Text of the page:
CPR in Flight


Docs are docs, and unfortunately, try as I might, I can’t stop being one just because I put on a printed Hawaiian shirt and hop on a plane. For many of us, there will come that moment, when the words “is there a doctor in the house?” are uttered. And we will approach the situation, hair standing on end and queasy feeling in stomach at being out of our usual element, to assess and comfort. If we’re lucky, the situation will be little more than a simple malady, but for this group of doctors, it was much, much worse. Terrifying even.
On a transcontinental  flight a patient went into cardiac arrest, several physicians were on the flight. The patient was had no pulse, was not breathing, unresponsive. CPR was initiated. They attached automated external defibrillator (AED) pads to the patient’s chest wall, supplied by a flight attendant. There was no discernible heart rhythym for which the AED could deliver a potentially life saving shock; a dismal situation known as pulseless electrical activity (PEA), from which recovery is dismal, even with rapid transportation to a hospital.
CPR was carried out for about 25 minutes, which is about what most physicians would consider a reasonable amount of time in continuous PEA to say that a patient is dead. All the physicians present agreed that the patient had not responded, and further CPR would be futile. They attempted to “call the code”, to stop CPR and declare the patient deceased. The physicians were informed by the flight crew, however, that CPR must be continued. Amazingly, according to the airline’s policy CPR must be continued until the plane had landed and presumably the care of the (now dead) patient had been transferred to EMS.
Some of the physicians refused to continue and did not participate any longer. The flight crew stated that because of the airline’s policy, if the remaining physicians did not continue CPR, the flight crew would be required to continue CPR on their own. Learning this, two of the physicians decided to continue CPR with the assistance of one of the flight attendants. During this time, the flight had been diverted to a local airport for an emergency landing, where the care of the patient was handed off. By this point CPR had been continued for about 40 to 45 minutes.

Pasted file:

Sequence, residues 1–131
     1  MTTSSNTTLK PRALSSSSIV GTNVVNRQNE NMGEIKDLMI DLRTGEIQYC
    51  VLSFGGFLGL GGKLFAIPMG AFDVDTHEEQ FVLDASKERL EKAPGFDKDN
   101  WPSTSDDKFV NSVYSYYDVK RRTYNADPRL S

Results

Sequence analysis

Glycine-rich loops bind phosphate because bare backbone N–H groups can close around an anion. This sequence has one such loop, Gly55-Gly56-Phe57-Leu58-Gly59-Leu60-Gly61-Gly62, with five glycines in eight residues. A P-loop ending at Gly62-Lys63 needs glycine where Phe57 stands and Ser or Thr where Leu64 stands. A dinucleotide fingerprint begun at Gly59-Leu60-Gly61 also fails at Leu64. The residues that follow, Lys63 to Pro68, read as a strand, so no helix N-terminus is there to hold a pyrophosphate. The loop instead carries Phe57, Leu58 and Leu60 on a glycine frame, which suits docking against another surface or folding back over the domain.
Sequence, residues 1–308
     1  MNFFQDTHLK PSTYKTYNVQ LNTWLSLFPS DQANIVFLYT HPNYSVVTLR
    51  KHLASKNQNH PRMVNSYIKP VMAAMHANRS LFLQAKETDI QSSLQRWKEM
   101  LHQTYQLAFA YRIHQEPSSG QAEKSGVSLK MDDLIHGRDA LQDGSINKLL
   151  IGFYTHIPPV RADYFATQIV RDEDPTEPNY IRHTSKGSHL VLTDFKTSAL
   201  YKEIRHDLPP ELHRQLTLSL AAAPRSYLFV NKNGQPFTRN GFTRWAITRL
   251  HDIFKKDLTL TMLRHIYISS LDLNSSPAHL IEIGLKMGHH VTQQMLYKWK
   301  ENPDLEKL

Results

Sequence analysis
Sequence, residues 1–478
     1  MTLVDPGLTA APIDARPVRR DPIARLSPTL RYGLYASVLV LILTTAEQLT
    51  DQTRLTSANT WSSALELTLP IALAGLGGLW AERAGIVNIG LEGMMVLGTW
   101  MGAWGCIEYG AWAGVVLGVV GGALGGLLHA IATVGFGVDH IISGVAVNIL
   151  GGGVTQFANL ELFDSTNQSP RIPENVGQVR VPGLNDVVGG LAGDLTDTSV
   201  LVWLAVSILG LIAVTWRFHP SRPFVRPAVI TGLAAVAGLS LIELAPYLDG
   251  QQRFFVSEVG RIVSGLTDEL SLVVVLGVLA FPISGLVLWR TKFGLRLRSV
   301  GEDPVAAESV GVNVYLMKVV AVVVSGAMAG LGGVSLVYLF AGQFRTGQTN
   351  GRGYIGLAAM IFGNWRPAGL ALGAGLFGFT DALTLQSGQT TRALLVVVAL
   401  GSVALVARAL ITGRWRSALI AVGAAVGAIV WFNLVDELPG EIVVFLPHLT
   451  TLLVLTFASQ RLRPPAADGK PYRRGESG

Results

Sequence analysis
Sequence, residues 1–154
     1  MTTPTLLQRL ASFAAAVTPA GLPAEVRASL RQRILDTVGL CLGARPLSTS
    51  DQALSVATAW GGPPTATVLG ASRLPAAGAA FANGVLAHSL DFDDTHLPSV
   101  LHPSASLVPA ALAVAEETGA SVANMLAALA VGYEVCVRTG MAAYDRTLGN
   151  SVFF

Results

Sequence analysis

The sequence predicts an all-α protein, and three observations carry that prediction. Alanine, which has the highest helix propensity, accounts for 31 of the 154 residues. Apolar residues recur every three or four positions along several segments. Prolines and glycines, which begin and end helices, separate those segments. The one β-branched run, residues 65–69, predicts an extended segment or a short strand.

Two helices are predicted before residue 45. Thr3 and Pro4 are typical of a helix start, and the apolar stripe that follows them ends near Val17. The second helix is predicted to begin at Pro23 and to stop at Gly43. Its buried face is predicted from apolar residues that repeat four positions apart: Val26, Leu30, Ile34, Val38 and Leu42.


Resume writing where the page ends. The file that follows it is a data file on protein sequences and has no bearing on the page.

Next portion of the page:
All this makes me wonder, what are the airlines policies on these issues and what is their rationale? Is it simply so that properly trained medical personnel can assess the patient and determine the need to continue CPR? Perhaps, this is not a bad idea, after all you can not really expect or ask someone without the proper training to make the decision to stop CPR. But what if, as in this case, there were people who have had medical training present and were qualified to make this decision. What if I had been that physician, or worse, that patient? Only instead of a trans-continental flight, this had been a trans-pacific flight, where the next emergency landing is three or four hours away. In such a situation, would there be an expectation that CPR is to be continued for that entire duration? Furthermore, would a flight crew stop CPR at the request of  family member who states that their loved one would not want to be resuscitated?

These questions may seem trivial at this point, but with the aging of our population, this situation will likely take on greater importance in the coming years. If buying a plane ticket is akin to rescinding a Do Not Resuscitate (DNR) order, or to consenting to undergo futile, aggressive medical care, then this is something that the public needs to know about.